Later in Luke’s gospel, Jesus says of himself, "For the Son of Man came to seek out and to save the lost" (Luke 19.10). Here in Luke 15, he is the one who is "eating with tax collectors and sinners" (15.1-2). He is our true elder brother – willing to "seek us and bring us back at any risk and any cost to himself" (Keller). (See also Joseph Fitzmyer, The Gospel According to Luke X-XXIV, p 1086, Doubleday 1985.)

And, we are named – all of us (even the ladies, for the purpose of this story) – the brothers of Jesus. Hebrews 2.11, "Both the one who makes men holy and those who are made holy are of the same family. So Jesus is not ashamed to call them brothers." And, Romans 8.29, "For those God foreknew he also predestined to be conformed to the likeness of his Son, that he [Jesus] might be the firstborn among many brothers."

One of the earliest hymns of the church is recorded for us in Philippians 2. Unfortunately, the music has not survived with the text. But the poetry reads, in part,
though he was in the form of God,
he did not regard equality with God
as something to be exploited,
but emptied himself,
taking the form of a slave,
being born in human likeness.
And being found in human form,
he humbled himself
and became obedient to the point of death –
even death on a cross.
Philippians 2.6-8

"Everything I have is yours," the father says to the older son. And, Jesus doesn’t grasp for it, doesn’t treasure it, doesn’t hoard it. He empties himself, he goes looking for us in the far country, he finds us and brings us back from our slavery. "For you know the generous act of our Lord Jesus Christ, that though he was rich, yet for your sakes he became poor, so that by his poverty you might become rich" (2 Corinthians 8.9).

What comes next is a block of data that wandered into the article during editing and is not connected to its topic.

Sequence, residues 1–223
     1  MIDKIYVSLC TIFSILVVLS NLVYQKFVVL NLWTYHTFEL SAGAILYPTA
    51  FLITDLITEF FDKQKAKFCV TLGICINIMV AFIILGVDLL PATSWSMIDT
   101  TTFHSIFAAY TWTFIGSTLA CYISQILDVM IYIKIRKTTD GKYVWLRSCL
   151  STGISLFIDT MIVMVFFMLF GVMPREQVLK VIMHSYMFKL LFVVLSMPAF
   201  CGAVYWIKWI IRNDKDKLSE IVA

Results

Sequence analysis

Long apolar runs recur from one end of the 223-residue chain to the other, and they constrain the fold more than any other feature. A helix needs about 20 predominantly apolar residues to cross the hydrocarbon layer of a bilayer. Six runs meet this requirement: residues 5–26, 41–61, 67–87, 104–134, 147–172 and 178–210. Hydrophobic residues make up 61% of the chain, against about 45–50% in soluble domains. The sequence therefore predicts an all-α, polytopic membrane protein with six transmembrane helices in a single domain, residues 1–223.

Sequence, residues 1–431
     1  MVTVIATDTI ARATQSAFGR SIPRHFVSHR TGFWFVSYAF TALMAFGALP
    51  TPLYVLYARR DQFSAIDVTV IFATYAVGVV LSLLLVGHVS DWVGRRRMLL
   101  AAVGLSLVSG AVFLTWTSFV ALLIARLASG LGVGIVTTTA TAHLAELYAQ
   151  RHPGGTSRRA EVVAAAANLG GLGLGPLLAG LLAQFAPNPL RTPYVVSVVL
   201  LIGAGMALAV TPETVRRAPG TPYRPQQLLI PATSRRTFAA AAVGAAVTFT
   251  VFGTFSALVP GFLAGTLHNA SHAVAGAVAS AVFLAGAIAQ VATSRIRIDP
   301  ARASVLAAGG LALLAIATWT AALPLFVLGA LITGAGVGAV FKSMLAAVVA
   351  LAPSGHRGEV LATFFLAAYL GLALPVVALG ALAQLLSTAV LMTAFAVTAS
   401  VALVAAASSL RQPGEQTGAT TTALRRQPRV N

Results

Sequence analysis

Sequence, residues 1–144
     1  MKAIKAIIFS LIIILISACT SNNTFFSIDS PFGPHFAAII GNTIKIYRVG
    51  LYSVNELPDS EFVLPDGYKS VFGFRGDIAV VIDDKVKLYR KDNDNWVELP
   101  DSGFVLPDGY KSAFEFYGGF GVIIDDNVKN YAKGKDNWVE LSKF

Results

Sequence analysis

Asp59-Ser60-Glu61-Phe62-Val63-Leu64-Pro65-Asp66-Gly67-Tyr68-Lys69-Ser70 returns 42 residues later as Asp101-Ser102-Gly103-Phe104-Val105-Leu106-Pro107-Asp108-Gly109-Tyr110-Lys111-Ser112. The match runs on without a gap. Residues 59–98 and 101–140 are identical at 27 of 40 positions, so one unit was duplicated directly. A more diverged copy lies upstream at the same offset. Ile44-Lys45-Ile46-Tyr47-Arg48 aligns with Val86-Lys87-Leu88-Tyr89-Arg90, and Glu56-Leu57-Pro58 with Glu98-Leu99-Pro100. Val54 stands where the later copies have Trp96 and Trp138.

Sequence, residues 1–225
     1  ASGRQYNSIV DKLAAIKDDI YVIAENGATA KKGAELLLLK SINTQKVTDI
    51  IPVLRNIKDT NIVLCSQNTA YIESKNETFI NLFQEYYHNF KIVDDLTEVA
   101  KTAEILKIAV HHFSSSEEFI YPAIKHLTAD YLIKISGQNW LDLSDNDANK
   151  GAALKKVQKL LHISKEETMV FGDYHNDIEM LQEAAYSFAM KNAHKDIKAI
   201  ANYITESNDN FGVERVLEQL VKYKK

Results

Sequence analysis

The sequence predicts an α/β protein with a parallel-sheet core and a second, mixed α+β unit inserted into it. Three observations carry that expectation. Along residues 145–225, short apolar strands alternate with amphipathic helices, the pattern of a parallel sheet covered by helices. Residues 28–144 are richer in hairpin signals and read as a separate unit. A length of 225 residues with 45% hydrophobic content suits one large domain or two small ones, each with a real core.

I love the lines in the ancient hymn, "O Sacred Head Now Wounded", attributed to Bernard of Clairvaux:
What thou, my Lord, has suffered
Was all for sinners’ gain:
Mine, mine was the transgression,
But thine the deadly pain.
Lo, here I fall, my Savior!
‘Tis I deserve thy place;
Look on my with thy favor,
Vouchsafe to me thy grace.

So, note this: Forgiveness is free – to the younger son, but it is very expensive – to the older brother. Grace is free – to the younger son, but it is very costly – to the older brother. And our older brother pays the price with joy.

What is there for us to do? It is free, after all. Worship. Bind ourselves in love to this brother who seeks and finds us. But, as Columbo says, "One more thing." Jesus emptied himself to make room for us in the house of God. "I go to prepare a place for you," he tells his disciples as he prepares for his death (John 14.1-6). It is time for us to empty ourselves to make room for others in the household as well. It is time for us to share in his mission.

Wednesday, March 10, 2010

Quid Pro Quo God

On a theme related to our Prodigal God series, an article sent me by my father describes the "quid pro quo God". Enjoy.

Monday, March 8, 2010

Prodigal God (3): Big Brother